Will: Auschwitz exhibit a powerful reminder of the unimaginable
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Will: Auschwitz exhibit a powerful reminder of the unimaginable

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NEW YORK — From the mountains of shoes that were worn by Jews when they were packed into railroad freight cars bound for Auschwitz, the Museum of Jewish Heritage: A Living Memorial to the Holocaust displays one: a woman's red dress pump with a three-inch heel. It prompts viewers to wonder: Where did she think she was going?

Perhaps she did not have time to think when she was swept into the vortex of one of Europe's innumerable roundups. She was destined for the unimaginable, where she probably vanished quickly: 900,000 of the 1.3 million people sent there were murdered shortly after their arrival.

The New York Times of January 28, 1945, reported on its front page the Red Army's arrival the day before at Auschwitz, which the story described, in its 16th paragraph, as a place where more than a million "persons" were murdered. Persons. Of them, 1 million were Jews.

A yellowed Times edition from that date is displayed today in the museum, which is located on Manhattan's southern tip, near the spot where, in 1654, 23 Jews who had come from Spain and Portugal, via Brazil, became the first Jews in what was then New Amsterdam. The museum's six-sided Core building evokes the six-pointed star of David, and the 6 million Jews killed in the Holocaust, which is the subject of a shattering exhibit, "Auschwitz. Not long ago. Not far away." The eloquence of the artifacts, which were first seen when the exhibit opened in Madrid and will be seen elsewhere in North America, is welcome testimony, in an age obsessed with new media, to the power of an old medium: the museum.

The exhibit includes Reinhard Heydrich's gift for Hermann Goering on his 47th birthday. Before Heydrich was assassinated by Czech partisans in 1942, he was the "architect of the Final Solution." His gift was a piece of parchment: the original 1551 proclamation, signed by the Holy Roman Emperor Ferdinand I, requiring Jews to attach to their garments a yellow circle. The seeds of the Holocaust germinated for centuries in Europe's social soil. They did not, however, have to come to their cataclysmic fruition.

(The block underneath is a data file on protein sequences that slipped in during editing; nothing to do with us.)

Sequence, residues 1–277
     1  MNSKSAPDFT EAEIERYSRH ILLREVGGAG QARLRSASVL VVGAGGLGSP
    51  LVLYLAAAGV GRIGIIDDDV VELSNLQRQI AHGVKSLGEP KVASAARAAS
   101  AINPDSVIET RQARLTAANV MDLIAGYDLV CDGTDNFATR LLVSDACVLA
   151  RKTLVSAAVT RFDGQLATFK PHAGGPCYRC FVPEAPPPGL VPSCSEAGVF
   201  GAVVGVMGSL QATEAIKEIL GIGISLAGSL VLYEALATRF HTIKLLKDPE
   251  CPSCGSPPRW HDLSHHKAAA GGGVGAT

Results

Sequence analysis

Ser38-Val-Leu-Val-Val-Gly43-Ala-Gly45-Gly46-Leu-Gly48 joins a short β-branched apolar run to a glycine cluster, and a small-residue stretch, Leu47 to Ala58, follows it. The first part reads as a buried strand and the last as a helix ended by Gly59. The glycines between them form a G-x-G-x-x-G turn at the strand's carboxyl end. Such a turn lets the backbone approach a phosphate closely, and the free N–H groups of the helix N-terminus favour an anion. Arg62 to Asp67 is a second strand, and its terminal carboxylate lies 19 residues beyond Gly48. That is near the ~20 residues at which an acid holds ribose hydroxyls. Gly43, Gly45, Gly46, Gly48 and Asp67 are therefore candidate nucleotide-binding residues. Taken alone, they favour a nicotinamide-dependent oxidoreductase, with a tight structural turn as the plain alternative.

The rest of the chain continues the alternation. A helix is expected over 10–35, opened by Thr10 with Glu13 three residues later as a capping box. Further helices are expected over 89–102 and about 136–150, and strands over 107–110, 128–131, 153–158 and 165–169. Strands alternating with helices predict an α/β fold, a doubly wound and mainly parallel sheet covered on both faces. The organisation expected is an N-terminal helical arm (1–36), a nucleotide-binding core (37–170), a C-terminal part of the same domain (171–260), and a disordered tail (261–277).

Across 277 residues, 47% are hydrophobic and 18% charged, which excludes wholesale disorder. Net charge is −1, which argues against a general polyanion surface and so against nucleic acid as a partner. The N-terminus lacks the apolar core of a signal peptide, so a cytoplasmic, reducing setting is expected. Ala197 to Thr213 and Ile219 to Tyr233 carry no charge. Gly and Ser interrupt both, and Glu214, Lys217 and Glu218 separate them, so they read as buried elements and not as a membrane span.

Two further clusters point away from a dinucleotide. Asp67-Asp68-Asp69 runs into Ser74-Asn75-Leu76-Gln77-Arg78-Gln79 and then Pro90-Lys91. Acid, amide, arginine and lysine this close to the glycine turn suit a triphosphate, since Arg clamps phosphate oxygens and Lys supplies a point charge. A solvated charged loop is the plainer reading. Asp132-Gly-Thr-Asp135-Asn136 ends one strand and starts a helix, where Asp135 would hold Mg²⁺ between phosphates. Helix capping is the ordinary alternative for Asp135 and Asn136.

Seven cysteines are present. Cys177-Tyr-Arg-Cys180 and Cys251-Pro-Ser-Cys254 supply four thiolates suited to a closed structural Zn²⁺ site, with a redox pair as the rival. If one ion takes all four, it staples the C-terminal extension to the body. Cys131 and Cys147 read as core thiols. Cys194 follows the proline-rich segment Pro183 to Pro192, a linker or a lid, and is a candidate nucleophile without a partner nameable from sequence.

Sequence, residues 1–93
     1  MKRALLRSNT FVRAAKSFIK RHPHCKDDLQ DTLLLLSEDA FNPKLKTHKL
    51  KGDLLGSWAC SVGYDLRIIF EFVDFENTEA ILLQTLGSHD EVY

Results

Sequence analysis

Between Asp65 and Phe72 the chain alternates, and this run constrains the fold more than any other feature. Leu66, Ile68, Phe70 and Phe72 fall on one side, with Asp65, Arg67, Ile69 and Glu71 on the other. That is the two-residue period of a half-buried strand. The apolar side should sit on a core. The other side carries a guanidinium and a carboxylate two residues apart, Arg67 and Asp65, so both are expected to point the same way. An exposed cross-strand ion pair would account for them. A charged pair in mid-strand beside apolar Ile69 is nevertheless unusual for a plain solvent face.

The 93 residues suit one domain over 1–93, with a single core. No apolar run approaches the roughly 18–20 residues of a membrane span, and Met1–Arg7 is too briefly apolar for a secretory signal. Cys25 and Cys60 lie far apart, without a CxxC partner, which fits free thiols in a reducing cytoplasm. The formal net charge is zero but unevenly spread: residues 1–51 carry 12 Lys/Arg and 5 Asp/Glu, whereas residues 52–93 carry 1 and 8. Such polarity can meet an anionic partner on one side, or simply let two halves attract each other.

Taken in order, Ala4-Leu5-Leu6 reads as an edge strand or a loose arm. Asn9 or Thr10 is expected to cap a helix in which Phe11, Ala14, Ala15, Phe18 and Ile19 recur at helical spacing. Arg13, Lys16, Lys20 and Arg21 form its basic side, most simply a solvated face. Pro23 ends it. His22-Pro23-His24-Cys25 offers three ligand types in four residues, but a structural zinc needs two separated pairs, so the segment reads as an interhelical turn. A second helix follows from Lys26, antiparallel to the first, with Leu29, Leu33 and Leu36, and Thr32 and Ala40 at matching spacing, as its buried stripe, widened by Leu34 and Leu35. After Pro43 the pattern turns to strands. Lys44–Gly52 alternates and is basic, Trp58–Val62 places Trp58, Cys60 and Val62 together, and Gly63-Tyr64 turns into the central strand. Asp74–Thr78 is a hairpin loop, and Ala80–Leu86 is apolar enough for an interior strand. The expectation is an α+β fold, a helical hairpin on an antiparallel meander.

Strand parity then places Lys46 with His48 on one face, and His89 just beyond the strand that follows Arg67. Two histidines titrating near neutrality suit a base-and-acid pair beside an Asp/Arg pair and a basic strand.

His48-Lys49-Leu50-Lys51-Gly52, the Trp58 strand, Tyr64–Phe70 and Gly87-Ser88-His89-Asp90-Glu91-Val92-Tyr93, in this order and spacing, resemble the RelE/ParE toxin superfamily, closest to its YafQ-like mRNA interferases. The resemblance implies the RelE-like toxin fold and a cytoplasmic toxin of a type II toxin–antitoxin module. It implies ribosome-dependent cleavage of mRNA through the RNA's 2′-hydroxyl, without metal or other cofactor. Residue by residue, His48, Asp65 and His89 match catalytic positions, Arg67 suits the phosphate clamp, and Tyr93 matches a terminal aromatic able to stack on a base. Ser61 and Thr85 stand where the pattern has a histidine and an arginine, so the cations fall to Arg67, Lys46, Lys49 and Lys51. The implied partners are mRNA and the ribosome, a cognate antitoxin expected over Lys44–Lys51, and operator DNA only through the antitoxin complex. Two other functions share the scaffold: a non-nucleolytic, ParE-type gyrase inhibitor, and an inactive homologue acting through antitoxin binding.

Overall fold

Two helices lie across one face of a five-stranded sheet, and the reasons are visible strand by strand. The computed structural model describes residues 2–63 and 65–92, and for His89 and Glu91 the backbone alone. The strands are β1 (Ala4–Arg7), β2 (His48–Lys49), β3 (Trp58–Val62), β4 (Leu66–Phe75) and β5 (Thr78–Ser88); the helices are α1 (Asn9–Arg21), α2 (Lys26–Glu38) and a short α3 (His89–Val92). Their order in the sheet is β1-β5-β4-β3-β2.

Other artifacts include Heinrich Himmler's handwriting in his annotated first edition of "Mein Kampf." And a photo of Anne Frank's parents' wedding. And a child's shoe with a sock carefully tucked into it, waiting for the child to put it back on after the "shower" to which he had been directed, from which he did not return.

Did you know that eight of the 15 participants in the Jan. 20, 1942, Wannsee Conference, which finalized plans for the industrialization of murder, had doctoral degrees? Education is not necessarily an inoculation against evil. Only two participants were older than 50: Genocide was a project for up-and-comers, idealists who acquired the ideals from socialization under totalitarianism.

The exhibit includes grainy, black-and-white film of a passing freight train shedding notes the way a tree shed leaves in autumn, notes tossed from between the freight cars' slats by the human cargo who were desperate to scatter random traces of themselves before the final darkness. One was tossed from a train leaving Holland by 17-year-old Hertha Aussen: "Most likely this will be the last card you will receive from me." Three days later she was murdered on arrival at Auschwitz.

What also died at Auschwitz is — was — what is known as the Whig theory of history, which holds, or held, that there is an inevitable unfolding of history in the direction of expanding liberty under law. Just as the Holocaust was not inevitable, neither is the triumph of enlightenment: History is not a ratchet that clicks only one way. Today, in several parts of the world, including on the dark, churned and bloody ground of central Europe, there are various forms of political regression. These are marked by a recrudescence of the blood-and-soil tribalism of degenerate nationalism, accompanied by thinly veiled, or not at all veiled, antisemitism.

Visitors entering "Auschwitz. Not long ago. Not far away" immediately walk past these words of Primo Levi, an Auschwitz survivor: "It happened, therefore it can happen again." Today in China's far west, concentration camps hold more than a million people who Beijing says show "symptoms" of being "infected" with the "virus" of "unhealthy thoughts." Similar medical terminology presented the Holocaust as social hygiene.

Polls indicate that a majority of millennials do not know what Auschwitz was. The future might teach them by analogies.

George Will's email address is georgewill@washpost.com.

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